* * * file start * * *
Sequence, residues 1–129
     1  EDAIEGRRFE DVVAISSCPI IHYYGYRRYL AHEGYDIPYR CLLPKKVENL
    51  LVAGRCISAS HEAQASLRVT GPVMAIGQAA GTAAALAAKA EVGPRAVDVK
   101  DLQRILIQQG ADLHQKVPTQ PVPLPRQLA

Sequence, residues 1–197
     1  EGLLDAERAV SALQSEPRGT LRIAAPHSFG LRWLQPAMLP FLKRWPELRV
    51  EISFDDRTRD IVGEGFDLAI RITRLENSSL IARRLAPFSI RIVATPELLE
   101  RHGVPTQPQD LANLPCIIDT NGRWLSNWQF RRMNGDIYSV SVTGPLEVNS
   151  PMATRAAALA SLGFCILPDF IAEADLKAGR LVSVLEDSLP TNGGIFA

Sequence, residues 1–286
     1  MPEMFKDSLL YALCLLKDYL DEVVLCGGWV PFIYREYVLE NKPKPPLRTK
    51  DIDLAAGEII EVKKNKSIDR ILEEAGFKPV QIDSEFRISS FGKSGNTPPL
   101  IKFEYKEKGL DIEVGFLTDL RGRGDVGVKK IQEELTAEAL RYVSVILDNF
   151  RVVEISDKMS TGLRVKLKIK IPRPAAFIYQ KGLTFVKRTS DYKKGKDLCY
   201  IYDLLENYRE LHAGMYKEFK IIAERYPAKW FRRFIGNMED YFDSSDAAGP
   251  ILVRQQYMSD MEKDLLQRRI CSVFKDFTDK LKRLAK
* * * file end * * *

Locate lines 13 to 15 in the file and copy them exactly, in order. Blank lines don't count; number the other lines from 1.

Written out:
   101  IKFEYKEKGL DIEVGFLTDL RGRGDVGVKK IQEELTAEAL RYVSVILDNF
   151  RVVEISDKMS TGLRVKLKIK IPRPAAFIYQ KGLTFVKRTS DYKKGKDLCY
   201  IYDLLENYRE LHAGMYKEFK IIAERYPAKW FRRFIGNMED YFDSSDAAGP